AC: I guess I’m just saying "art school" because you studied art and your parents are artists …
JD: I don’t take that in a negative way.

AC: I read an interview in NY Press where you talked about performing and the body, how the music becomes secondary to the body performing. It made me think of how you emerged out of Le Tigre. What are the differences for you – being in a band with kind of three front people to being the focus of a band?
JD: There are a lot of differences every tour. It gets harder for me, I think. The audience looks to you for emotion. I notice if I’m happy, then people are smiling. If I’m inquisitive, then people’s faces change. If I’m angry, it’s such a trip. I’ve noticed how I feel going onstage every night. I have to get to a point where I’m ready to hand myself over to a bunch of strangers; it’s been really interesting to trust them to hold me and take care of me throughout the show. That’s all kind of new. I think in Le Tigre, I could get lost in myself because I didn’t have as much to worry about. Kathleen had to deal with it. I'm in a more interesting position now for sure, but I’ve tried really hard to give myself to the audience completely. That trust is what creates a good show and a good stage performance.

AC: I did notice you Tweeted about having to "get aggro" at a recent show and asking people not to be mean.
JD: On this tour, we’ve noticed there are a lot of other kinds of people are coming out or there’s a bigger fandemonium. There’s more emotion with the fans or something like … I don’t know why, maybe we seem like we’re bigger stars now or something, but in San Francisco somebody was playing my keyboard. They were reaching over and playing the keyboard. I asked them to stop, and they did it again. I felt really frustrated about that. They ended up getting thrown out of the club. I had to say, "Please don’t touch me without asking." These things happen. I have this crazy trust for people and for the fans, and when I get disappointed, feeling like I’m not being respected or being responsible with my body or my gear, I feel really sad about it. That’s what I felt. Last night someone stole my shirt, my costume. I felt really mad. This person is a really big fan of ours, and I felt, "What is he doing? Does he realize this is hurtful to me?" I know he wanted to keep it as memorabilia, but it felt like this distrust that made me feel sad. When you give someone respect, you deserve respect, and sometimes I don’t think people realize how they can affect you.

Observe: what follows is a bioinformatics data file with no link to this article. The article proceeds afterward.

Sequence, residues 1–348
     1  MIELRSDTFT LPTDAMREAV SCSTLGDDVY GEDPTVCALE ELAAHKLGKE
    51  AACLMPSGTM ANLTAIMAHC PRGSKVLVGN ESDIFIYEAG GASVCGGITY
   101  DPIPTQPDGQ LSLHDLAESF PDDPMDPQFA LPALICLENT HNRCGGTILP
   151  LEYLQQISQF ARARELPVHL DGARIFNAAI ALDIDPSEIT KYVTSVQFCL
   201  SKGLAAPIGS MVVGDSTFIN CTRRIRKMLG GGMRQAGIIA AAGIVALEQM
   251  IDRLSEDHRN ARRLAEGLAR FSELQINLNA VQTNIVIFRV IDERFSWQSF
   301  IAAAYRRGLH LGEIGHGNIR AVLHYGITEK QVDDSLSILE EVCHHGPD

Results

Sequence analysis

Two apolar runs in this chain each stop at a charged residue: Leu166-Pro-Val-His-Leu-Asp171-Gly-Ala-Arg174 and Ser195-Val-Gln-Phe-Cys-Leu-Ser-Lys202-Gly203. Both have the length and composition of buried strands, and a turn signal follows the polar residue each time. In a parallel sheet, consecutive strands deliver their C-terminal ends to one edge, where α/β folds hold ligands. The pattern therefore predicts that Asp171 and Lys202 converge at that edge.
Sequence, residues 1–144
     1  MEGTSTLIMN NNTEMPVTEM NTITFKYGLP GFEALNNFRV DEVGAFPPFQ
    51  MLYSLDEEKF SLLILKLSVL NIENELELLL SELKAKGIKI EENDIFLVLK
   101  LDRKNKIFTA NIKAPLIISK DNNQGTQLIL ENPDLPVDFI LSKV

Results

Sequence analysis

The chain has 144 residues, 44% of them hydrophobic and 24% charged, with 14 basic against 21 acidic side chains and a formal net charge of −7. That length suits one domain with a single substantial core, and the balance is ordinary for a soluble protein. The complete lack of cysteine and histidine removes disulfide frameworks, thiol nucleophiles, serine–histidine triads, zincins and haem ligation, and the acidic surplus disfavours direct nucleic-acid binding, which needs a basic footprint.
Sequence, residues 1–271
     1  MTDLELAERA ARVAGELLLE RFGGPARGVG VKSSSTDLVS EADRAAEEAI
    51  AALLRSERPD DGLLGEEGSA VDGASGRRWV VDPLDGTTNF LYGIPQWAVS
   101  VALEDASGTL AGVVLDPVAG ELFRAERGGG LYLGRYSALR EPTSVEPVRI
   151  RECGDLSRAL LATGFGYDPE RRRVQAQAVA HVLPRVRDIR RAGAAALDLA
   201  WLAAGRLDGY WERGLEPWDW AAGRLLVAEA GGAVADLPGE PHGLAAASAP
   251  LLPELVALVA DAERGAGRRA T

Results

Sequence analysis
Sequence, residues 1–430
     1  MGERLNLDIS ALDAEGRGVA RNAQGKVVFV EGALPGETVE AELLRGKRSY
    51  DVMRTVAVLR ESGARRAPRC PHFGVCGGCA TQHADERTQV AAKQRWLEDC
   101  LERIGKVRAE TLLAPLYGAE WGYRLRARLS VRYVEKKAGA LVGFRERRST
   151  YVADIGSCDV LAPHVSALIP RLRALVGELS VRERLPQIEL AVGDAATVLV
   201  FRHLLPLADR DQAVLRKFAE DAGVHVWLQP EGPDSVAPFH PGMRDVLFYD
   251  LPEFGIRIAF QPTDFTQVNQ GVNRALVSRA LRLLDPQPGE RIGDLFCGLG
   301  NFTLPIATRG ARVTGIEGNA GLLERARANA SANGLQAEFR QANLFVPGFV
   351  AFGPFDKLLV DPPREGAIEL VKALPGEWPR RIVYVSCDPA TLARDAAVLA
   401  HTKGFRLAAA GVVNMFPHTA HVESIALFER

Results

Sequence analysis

AC: It seems that was a big thing with Le Tigre – being accessible to their fans.
JD: Yeah, I think that in a way, some people are afraid of Kathleen because she can really tear someone apart on the mic. My personality is a little too nice. Do people think they can get away with this? I almost need to be a little more strict or something. I need to be meaner.

AC: Well, you are awfully nice. I hope you don't need to get too mean. How is your songwriting different from how it was with Le Tigre? Is Johanna [Fatemen] still involved?
JD: Honestly, there's kind of the same songwriting plan – the basic structure that Le Tigre had, where everyone just gives whatever they can and want to the songs. Each song happens totally differently. Michael brings a lot of things to the project. Johanna does definitely work on some of the songs with us depending on how much time she has. She has a lot going on. But she's added maybe three or four tracks off the record. We think of her as a production consultant. She’s so honest. She’ll just be like, 'That part sucks!' and we’ll replace it! So yeah, she’s really good to work with. We still write songs together and collaborate often, still.

AC: Do you have any arty surprises planned for the show?
JD: We do have some arty elements planned for the show. We’re excited for our show at Coachella. And we’re working on a new record which is really fun.

AC: How is that going?
JD: It's going really great. That last record took so long … We've been working pretty hard to be prolific and make sure we get something out quickly.

AC: Are you performing any of those songs on this tour?
JD: No, we're not, but we are performing songs that we haven't performed before from the record that just came out, so that's new for us.

AC: Do you have any safe audience participation parts planned?
JD: There's going to be some audience singing and maybe clapping – yes, safe, mutual respect.

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KEYWORDS FOR THIS POST

Music, MEN, JD Samson, LeTigre, feminist, Beauty Bar